SA: What was the reason behind you actually getting involved in boxing?

CT: My dad fought and my cousin Henry won an Olympic gold medal. I started when I was 8-9 but once I started playing football I stopped because football gave me a chance to earn a free college education. Then I came back to boxing after 10 years at 25 just to lose weight. I was 365 pounds and it just snowballed from there when one of the trainers asked me did I want an amateur fight.

SA: Do you remember your first boxing memory?

CT: I'm not sure if it was my first but the earliest one I remember was Mike Tyson vs. Marvis Frazier. I thought Tyson was Superman.

SA: Can you tell us about your time in the amateurs?

CT: The amateurs were great. I fought out of Lindley Boxing Gym in Greensboro, North Carolina and Savannah Boxing Club in Houston, Texas. I had about 40 fights. I went to a few national tournaments as well as a dual with the Canadian team. Our team was really good in Texas. We had the late Omar Henry, Lenard Lane, Hylon Williams Jr and the Charlo twins there at the same time. It was a lot fun travelling around the country doing what you love.

SA: You have now had 24 fights with a record of 11-11-2. Is there a fight in particular that you think was your best performance or was a tough bout?

CT: None were particularly tough. I made them tough by not being in the best possible shape. My best probably was Beau Tribolet. That was my first fight with Eddie Mustafa Muhammad as my trainer and I was in the best shape of my career. So I just let my hands go and got him out of there.

SA: Who is Clarence outside the ring?

CT: I'm pretty boring now ha ha. When I lived in Las Vegas I was out all the time. Since I moved to New Zealand I've been real low key. I read a lot and I've gotten into yoga so nothing really exciting anymore! I relax and just listen to music. Other than that I watch movies and old fight films. I just live by the motto "Just do it".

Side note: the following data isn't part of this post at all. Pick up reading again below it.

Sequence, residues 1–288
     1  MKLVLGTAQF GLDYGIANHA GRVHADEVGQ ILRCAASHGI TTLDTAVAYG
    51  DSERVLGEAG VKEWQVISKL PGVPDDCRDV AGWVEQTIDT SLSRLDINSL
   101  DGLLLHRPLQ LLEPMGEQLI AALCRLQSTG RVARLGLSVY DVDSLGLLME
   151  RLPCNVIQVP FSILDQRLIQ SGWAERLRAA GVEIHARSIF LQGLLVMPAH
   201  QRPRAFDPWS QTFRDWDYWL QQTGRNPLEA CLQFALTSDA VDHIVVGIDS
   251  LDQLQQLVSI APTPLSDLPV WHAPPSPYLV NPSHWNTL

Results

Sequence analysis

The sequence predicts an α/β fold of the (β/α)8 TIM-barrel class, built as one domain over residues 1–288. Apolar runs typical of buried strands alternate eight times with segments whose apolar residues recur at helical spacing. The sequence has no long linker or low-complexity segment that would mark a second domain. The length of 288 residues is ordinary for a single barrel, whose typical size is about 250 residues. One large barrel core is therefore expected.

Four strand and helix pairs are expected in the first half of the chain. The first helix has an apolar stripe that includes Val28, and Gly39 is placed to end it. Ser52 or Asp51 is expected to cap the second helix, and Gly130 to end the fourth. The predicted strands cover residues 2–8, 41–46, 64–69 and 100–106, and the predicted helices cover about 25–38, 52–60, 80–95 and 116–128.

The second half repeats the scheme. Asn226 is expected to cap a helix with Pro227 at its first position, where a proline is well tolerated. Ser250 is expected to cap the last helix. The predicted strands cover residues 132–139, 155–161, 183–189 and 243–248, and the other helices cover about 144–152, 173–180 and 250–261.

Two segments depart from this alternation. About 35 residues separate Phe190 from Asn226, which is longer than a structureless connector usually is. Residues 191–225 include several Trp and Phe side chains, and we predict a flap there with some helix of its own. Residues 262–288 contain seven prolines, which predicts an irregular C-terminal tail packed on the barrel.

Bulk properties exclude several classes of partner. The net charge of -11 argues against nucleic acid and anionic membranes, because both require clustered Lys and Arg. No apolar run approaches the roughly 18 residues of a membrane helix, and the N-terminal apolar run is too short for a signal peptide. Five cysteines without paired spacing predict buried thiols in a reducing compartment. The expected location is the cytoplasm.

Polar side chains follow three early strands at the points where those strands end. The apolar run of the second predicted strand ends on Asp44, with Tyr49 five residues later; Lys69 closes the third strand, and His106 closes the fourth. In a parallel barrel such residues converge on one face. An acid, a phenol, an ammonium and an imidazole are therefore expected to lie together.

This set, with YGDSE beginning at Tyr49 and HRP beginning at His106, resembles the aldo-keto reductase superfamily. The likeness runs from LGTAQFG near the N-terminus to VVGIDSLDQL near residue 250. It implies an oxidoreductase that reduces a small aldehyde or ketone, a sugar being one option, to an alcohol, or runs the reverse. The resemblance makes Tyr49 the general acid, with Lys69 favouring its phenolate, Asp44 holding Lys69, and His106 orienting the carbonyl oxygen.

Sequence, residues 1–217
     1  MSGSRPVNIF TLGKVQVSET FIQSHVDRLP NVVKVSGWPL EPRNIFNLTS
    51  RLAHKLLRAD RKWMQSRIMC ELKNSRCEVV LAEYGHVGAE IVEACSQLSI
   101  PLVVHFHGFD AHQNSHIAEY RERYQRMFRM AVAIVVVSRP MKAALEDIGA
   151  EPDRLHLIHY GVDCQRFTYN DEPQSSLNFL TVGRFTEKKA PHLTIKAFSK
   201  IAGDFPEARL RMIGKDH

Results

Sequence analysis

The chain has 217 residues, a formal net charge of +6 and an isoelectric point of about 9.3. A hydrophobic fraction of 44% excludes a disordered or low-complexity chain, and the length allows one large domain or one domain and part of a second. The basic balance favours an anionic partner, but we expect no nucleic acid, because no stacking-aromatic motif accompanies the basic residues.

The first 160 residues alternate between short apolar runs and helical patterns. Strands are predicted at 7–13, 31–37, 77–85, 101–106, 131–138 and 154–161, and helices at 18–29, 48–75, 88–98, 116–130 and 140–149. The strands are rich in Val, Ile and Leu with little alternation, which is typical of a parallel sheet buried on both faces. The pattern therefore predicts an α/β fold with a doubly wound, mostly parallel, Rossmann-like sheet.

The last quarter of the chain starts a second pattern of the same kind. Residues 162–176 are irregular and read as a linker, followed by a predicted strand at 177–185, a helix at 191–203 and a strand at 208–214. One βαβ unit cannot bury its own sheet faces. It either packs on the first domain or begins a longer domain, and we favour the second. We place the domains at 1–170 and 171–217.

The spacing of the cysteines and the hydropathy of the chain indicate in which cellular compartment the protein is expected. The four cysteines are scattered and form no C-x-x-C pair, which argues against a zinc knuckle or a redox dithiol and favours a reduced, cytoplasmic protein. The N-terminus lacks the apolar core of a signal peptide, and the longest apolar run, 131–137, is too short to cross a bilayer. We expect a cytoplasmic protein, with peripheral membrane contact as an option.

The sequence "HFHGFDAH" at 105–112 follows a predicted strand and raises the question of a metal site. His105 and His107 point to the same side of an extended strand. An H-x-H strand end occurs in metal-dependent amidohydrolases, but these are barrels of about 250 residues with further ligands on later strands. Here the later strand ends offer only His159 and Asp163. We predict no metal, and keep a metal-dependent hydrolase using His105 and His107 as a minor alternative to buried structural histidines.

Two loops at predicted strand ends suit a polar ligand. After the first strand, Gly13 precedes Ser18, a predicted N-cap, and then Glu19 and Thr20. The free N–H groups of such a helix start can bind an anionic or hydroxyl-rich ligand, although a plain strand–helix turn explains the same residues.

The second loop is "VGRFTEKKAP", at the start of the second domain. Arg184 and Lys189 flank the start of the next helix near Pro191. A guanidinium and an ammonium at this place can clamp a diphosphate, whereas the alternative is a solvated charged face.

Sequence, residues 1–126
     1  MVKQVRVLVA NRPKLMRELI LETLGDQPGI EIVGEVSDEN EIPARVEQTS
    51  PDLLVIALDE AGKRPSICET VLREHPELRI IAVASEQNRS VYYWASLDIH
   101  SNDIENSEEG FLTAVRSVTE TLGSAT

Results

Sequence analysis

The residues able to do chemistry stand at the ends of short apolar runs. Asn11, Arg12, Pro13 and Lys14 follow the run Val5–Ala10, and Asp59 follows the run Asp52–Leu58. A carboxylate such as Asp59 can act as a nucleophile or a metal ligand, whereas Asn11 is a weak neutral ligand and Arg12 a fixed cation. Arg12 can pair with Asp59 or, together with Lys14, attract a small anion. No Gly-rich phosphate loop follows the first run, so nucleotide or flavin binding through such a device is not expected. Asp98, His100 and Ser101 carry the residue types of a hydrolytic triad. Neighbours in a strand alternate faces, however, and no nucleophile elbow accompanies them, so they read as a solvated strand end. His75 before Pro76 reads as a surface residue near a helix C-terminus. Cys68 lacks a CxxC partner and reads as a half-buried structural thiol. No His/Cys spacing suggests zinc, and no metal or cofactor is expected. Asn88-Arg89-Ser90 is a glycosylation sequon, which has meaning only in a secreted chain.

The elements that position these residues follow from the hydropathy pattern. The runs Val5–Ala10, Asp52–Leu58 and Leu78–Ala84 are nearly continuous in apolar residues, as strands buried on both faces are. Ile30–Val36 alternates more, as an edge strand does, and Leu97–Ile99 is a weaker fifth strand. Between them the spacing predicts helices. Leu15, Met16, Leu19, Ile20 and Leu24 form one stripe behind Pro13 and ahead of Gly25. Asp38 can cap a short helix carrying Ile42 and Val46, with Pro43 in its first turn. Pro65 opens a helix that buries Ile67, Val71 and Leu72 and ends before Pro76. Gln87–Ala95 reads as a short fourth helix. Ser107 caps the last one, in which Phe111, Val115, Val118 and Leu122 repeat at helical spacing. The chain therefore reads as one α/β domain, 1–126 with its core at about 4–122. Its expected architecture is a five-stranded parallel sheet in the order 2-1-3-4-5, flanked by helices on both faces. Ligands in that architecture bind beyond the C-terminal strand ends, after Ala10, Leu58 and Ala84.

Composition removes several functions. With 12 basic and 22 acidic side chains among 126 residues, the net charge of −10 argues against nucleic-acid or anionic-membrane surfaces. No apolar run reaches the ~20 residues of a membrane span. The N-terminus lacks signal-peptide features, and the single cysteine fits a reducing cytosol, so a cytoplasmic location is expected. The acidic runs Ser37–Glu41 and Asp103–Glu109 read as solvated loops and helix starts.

SA: How does boxing influence your life and how has having a career in boxing affected your family life?

CT: It influences my life heavily because it’s my profession and to be honest I have disrespected the sport by not being in shape and ready for fights. Family wise it effects me because my family is back in New Orleans and I’m halfway around the world. I don't have a wife or kids so I can pretty much do as I please... For now.

SA: There have been several high profile doping offences within the sport recently. Do you feel that there is an underlying problem and do you think that more could be done to make the sport cleaner and fairer?

CT: Well I know for a fact that it is a rampant problem. I've witness PED's being bought and used by fighters. The only way to stop it is heavy fines and long suspensions with a 3 strikes rule. Otherwise guys will take a chance if they know they'll get a 4 month suspension when they only fight every 6 months. Plus you need a unified rule. What's illegal in one place needs to be illegal everywhere.

SA: What would you like to achieve in the sport of boxing?

CT: Right now I'm focusing on getting myself physically ready and take it as far as I can. The good thing about boxing is that one punch can change your life.

SA: Do you have a message to your fans and supporters maybe?

CT: I would like to thank every boxing fan on the planet for continuing to support our great sport and I hope to have some great performances in the future to be remembered for!